U.S. government tried to “intimidate” California county health department to keep poultry plant open after COVID deaths, director says
There have reportedly been tens of thousands of coronavirus cases at meat and poultry plants….
There have reportedly been tens of thousands of coronavirus cases at meat and poultry plants. More than 44,000 workers nationwide have tested positive for the virus, and more than 200 have died, according to the Food & Environment Reporting Network, an investigative nonprofit.
In late April, President Trump issued an executive order urging plants to stay open. Since then, CBS News has only been able to identify a couple of plants that were temporarily closed by government agencies due to COVID-19 outbreaks. One is the Foster Farms poultry plant in California’s Merced County.
Despite what it says was political pressure, the small county’s health department closed down the plant in Livingston for one week due to a COVID-19 outbreak that claimed some workers’ lives.
One of those workers was Perla Meza’s 61-year-old father Filiberto, who she says worked unloading trucks at Foster Farms for years until he came down with COVID-19.
“He was in quarantine for three days when everything got worse,” Meza said.
In August, he went to the hospital and then into a coma for three days, Meza said. He later died.
Some 2,600 people work at the plant. Merced County public health officials declared an outbreak there in late June, and during a visit, recommended Foster Farms test all of its workers, said department director Rebecca Nanyonjo-Kemp.
“You need to conduct universal screening of all of your staff. You have way too many staff here to be able to control one factor. You’re being controlled by the factors because you have so many people here,” Nanyonjo-Kemp said. “Don’t let your illness take over your facility.”
The plant said they would listen to the advice, Nanyonjo-Kemp said.
“Unfortunately, that did not materialize,” she told CBS News consumer investigative correspondent Anna Werner.
Only limited testing occurred, she said. In July, two workers died of COVID-19.
The county continued to monitor the outbreak, and on August 7, Foster Farms provided a list showing the number of workers actively infected and those whose cases they described as “resolved.”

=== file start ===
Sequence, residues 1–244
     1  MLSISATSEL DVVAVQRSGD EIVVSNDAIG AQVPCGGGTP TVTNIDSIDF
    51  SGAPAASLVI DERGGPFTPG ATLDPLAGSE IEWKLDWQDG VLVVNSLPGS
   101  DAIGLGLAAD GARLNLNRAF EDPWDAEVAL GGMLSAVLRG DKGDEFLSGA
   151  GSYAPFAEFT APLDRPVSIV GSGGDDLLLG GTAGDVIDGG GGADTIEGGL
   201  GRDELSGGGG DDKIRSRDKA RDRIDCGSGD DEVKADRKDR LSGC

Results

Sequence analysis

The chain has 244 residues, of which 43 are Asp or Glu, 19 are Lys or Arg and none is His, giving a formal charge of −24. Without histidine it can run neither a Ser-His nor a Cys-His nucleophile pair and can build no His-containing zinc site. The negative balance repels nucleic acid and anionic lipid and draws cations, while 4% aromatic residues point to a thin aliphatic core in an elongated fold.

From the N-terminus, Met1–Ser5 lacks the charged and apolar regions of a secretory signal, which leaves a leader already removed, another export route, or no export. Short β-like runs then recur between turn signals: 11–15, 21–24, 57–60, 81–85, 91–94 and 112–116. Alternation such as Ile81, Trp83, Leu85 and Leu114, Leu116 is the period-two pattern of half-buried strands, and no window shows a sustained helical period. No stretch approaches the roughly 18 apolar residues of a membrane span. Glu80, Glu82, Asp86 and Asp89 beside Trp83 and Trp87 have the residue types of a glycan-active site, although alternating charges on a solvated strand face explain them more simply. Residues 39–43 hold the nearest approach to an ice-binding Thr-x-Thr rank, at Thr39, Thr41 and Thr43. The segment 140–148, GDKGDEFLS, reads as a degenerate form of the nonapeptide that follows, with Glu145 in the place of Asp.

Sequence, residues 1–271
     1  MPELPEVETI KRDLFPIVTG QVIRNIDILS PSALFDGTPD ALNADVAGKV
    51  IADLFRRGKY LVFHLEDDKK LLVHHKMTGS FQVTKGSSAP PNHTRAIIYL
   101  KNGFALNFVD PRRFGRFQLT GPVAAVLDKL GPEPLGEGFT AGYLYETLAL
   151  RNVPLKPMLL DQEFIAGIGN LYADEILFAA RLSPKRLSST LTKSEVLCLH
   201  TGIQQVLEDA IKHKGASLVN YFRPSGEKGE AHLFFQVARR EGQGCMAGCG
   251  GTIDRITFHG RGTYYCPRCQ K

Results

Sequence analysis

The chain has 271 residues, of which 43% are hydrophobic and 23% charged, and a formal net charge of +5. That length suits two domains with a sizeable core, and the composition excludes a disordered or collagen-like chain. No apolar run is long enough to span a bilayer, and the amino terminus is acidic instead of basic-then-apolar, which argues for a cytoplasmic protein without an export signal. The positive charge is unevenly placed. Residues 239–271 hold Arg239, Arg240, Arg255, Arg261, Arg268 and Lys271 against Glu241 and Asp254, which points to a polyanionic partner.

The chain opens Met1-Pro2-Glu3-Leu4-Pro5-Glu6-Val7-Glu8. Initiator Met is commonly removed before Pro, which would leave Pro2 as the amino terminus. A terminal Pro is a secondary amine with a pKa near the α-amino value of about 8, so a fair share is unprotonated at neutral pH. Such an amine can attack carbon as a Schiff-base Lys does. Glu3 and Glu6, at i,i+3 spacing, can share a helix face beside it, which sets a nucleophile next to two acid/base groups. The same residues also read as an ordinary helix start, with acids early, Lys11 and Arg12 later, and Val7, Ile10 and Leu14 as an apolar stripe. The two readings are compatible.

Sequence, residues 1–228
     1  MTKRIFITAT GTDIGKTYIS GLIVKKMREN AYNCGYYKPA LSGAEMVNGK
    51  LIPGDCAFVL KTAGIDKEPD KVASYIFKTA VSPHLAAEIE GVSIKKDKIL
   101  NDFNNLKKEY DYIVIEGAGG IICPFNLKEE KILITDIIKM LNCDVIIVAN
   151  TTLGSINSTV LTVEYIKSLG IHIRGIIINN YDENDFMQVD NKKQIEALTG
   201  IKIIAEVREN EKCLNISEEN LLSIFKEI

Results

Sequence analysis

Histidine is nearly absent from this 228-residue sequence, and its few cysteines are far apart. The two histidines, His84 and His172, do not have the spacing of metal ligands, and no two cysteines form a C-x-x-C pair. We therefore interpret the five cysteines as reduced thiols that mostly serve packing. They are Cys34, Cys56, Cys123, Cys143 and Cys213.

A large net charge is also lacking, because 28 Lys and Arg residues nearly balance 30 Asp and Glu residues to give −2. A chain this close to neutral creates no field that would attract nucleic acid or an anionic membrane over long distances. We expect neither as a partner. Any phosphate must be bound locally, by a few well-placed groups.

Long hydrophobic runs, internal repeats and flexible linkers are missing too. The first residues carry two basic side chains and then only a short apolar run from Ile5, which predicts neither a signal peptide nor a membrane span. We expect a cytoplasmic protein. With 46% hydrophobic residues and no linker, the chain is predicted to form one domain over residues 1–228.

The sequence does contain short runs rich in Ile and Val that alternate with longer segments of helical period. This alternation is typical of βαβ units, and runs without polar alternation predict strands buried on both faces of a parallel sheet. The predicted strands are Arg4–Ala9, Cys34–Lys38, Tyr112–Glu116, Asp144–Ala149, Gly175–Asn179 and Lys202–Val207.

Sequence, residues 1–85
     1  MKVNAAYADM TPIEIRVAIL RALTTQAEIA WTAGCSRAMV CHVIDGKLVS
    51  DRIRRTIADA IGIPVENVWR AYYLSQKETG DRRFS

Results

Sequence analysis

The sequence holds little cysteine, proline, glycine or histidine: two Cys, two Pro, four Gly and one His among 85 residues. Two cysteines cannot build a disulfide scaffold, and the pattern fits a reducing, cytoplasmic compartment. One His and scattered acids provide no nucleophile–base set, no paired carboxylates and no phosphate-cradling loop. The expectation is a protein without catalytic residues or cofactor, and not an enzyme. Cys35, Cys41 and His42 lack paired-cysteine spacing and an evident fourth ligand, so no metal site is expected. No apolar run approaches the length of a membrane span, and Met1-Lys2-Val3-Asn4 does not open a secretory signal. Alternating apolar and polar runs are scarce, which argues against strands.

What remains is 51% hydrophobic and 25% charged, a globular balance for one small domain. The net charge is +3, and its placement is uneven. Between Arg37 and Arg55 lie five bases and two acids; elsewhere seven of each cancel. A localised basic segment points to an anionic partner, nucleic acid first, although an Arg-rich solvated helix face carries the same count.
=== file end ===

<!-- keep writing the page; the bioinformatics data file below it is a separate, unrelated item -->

But county health officer Dr. Salvador Sandoval noticed the list contained no deaths, even though county health staff said workers had told them there were more.
So the health department emailed Foster Farms to ask if there were “any known deaths,” and the next week, received a new list. This time, Sandoval said, five names previously listed only as “resolved” were now listed as “deaths.”
The company put the names “in a category that made it difficult for our investigators to tag them as being people who had died,” Sandoval said.
He described what the company did as “misleading.” “I feel it’s wrong,” he said.
The company told CBS News, “There was no intentional effort on the part of Foster Farms to deceive the Merced (County) Public Health Department,” and said, “All issues related to the reporting of data were quickly resolved.”
But late in August, with eight deaths and over 350 confirmed cases, county health officials told Foster Farms the plant would have to be temporarily closed.
That’s when Nanyonjo-Kemp says she suddenly found herself talking to federal agencies, with one, she says, mentioning the Defense Production Act, part of the president’s executive order to keep plants running.
Asked if anyone was suggesting to her that they couldn’t shut down the plant, Nanyonjo-Kemp said, “Yes. I’ll be forthcoming. Yes.”
“From the federal government?” Werner asked.
“Correct,” Nanyonjo-Kemp said. “They were trying to intimidate. We refused to be intimidated.”
“The whole idea of this is eight people died. How many more need to die for this to be an issue? You know, for us, that was enough,” Nanyonjo-Kemp added.
The United States Department of Agriculture confirmed setting up a phone call with various federal and state agencies, but did not respond to CBS News’ question of whether it pressured county health officials to keep the plant open.
The plant was forced to close for a week, then reopened under county monitoring.
Foster Farms said it is following public health officials’ requirements and has now hit a testing benchmark of a less than 1% positivity rate among its workers, with what it says is now the “most extensive testing program in California.”
The company maintains “employee health and welfare has always been Foster Farms’ highest priority.”
But Meza doesn’t agree. One of the five names revealed as deaths on that second list in August was her father’s.
“They don’t care. I don’t think they care. Eight deaths. Eight,” she said.
The county now says there has been another death reported, bringing the total number of workers who have died to nine. While the county no longer considers this to be an outbreak, it said the company will continue providing reports.
Foster Farms said it is putting in place other requirements mandated by the county, including hiring a licensed health care professional to oversee its COVID-19 programs, and one-on-one COVID-19 training for its employees.